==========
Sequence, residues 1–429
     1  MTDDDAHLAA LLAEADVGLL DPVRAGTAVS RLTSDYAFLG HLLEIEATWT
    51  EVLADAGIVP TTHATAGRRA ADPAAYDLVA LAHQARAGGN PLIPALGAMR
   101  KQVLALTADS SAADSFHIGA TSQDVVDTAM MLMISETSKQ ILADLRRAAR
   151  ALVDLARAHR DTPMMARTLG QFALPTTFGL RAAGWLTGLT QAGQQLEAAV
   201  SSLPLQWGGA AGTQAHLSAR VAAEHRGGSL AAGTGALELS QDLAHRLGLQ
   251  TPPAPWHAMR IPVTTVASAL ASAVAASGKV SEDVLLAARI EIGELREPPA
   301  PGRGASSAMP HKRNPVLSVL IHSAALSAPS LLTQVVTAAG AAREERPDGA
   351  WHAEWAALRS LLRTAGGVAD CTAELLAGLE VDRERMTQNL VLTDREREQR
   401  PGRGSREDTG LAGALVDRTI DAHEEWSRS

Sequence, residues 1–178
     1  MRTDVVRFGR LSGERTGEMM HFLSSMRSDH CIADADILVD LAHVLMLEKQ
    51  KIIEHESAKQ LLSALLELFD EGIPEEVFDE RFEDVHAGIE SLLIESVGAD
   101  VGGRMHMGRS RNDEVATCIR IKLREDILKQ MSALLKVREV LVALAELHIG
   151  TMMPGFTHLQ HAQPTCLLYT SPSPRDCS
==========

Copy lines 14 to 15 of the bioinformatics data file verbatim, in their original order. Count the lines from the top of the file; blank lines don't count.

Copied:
   101  VGGRMHMGRS RNDEVATCIR IKLREDILKQ MSALLKVREV LVALAELHIG
   151  TMMPGFTHLQ HAQPTCLLYT SPSPRDCS